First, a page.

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Sang Lee
Sang Lee
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The Next Wave of Innovation in Capital Markets Technology

Post financial crisis, most banks have been focusing on survival rather than innovation. That's changing, however, as more technology startups are entering the financial services scene.

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Kelly22
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Kelly22,
User Rank: Author
5/30/2014 | 4:53:16 PM
Re: Cautious approach?
I think startups have a higher perceived risk because most haven't really demonstrated success. When choosing a new partner, I'm sure businesses are wary of working with a brand-new startup over a more established company that has proven successful in the past. I'm curious to see how this unfolds with analytics, though, since that's a fairly new territory for both new and established companies. It'll be interesting to hear what the panel has to say.
Becca L
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Becca L,
User Rank: Author
5/30/2014 | 4:29:15 PM
Re: Cautious approach?
Interesting point, Kelly. Companies often invest in full fledge companies and ideas or vendor services that don't end up adding much or any value to the firm, that may turn into a dud. Just the cost of taking risks on new products. Do you think that risk is much more significant with startups? Next week I am moderating a panel on enterprise willingness to work with startups to enhance their data analytics.. I will sure to bring up this question.
Becca L
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Becca L,
User Rank: Author
5/30/2014 | 4:25:58 PM
Re: big banks
Great point! The first question these big companies ask now is, okay, you have a great idea/app/program but how can I smoothly deploy it to my 50,000 employees, give them training and keep it updated? Working these elements into a startup's buisiness plan is increasingly a priority.
Becca L
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Becca L,
User Rank: Author
5/30/2014 | 4:23:25 PM
Re: big banks
There's a rise in incubator programs as well. Big firms are taking these fledgling companies with promising talent and big ideas and shaping them into companies that can handle the demand of the big firms and interact with them in a real way. A lot of VCs are offering training/workshop programs around this too.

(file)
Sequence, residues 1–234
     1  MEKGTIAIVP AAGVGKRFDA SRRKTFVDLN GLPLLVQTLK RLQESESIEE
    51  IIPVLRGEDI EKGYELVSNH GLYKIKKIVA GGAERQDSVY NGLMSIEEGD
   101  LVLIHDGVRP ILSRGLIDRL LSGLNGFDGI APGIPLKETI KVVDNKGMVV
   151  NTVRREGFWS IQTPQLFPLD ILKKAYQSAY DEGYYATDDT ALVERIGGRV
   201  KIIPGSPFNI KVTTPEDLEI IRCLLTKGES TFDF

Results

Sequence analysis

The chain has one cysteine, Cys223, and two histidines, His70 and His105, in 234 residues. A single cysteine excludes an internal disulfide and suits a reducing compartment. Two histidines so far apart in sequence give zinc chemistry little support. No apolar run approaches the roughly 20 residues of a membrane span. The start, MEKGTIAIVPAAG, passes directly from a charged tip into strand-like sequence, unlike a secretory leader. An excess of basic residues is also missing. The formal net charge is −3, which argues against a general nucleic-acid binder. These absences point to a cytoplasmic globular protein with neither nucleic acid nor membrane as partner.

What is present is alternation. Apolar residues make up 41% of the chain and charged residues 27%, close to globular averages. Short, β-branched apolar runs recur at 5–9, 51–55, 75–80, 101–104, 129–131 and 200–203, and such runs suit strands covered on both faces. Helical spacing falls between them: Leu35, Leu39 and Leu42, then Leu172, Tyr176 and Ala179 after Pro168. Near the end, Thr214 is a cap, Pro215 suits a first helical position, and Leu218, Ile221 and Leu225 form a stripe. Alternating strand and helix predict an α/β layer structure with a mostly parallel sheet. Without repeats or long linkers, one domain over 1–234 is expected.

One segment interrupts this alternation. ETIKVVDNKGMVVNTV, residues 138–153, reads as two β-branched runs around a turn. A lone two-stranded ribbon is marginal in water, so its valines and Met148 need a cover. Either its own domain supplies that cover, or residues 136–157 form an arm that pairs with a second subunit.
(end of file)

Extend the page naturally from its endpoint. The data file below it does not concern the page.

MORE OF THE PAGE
Nathan Golia
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Nathan Golia,
User Rank: Author
5/22/2014 | 4:55:03 PM
One company stands out
Genscape is significantly older than the other listed companies and is not located in a traditional "incubator." It's admirable that they're able to stay near the top of such a list considering how many companies are chewed up and spit out.
Kelly22
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Kelly22,
User Rank: Author
5/22/2014 | 3:17:51 PM
Re: Cautious approach?
While it would be good to see partnerships increase, I think a careful approach is necessary for firms working with startups that specialize in new technologies. As you say, those who slip up and place a bad bet could end up farther behind than they were before the partnership. 
KBurger
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KBurger,
User Rank: Author
5/21/2014 | 2:17:48 PM
Cautious approach?
These are all good points. I also feel like this scenario (start ups, etc.) is nothing new. We've seen it before in financial services, for example in 1999-2000, the time of the dot-com boom. New and innovative technologies, whether internet, mobile, big data or whatever -- spur more innovation and also a bandwagon effect. Some succeed and grow, some have a kernel of success but can't sustain growth and end up being acquired by a bigger and more established player, and some flame out -- sometimes unfairly, sometimes deservedly. For banks and FS firms that place the right bets, the payoff (financially and also in terms of reputation) is great. Make the wrong bet, and you lose not only $$$ but also momentum, respect and the will to innovate.
Kelly22
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Kelly22,
User Rank: Author
5/21/2014 | 12:37:10 PM
Re: big banks
While there is more risk involved in working with a startup as opposed to an established provider, some of these new companies could have serious potential to bring positive change to the industry. Going along with Jon's point, it would be good to see some of the bigger firms purchase those startups and help them evolve their ideas. 
Jonathan_Camhi
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Jonathan_Camhi,
User Rank: Author
5/21/2014 | 11:09:00 AM
Re: big banks
I would think that some of these startups will be bought by soem fo the bigger firms though, and those bigger firms will be able to help bring those ideas and solutions to scale.
fstechexec
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fstechexec,
User Rank: Apprentice
5/21/2014 | 8:47:10 AM
big banks

Yes, there are many more financial services technology start-ups popping up. Most seem to be formed by former IT/biz folks from the big firms. Although there are plenty of new tools available, I've only seen a few that are actually enterprise ready. What I mean is, the apps and functionality is great, but the tools aren't ready for a big firm. Plus, the established firms are very wary of start ups. They almost never work with them, and they will settle for technology that is inferior as long as it comes from an established provider. Do you see this changing?

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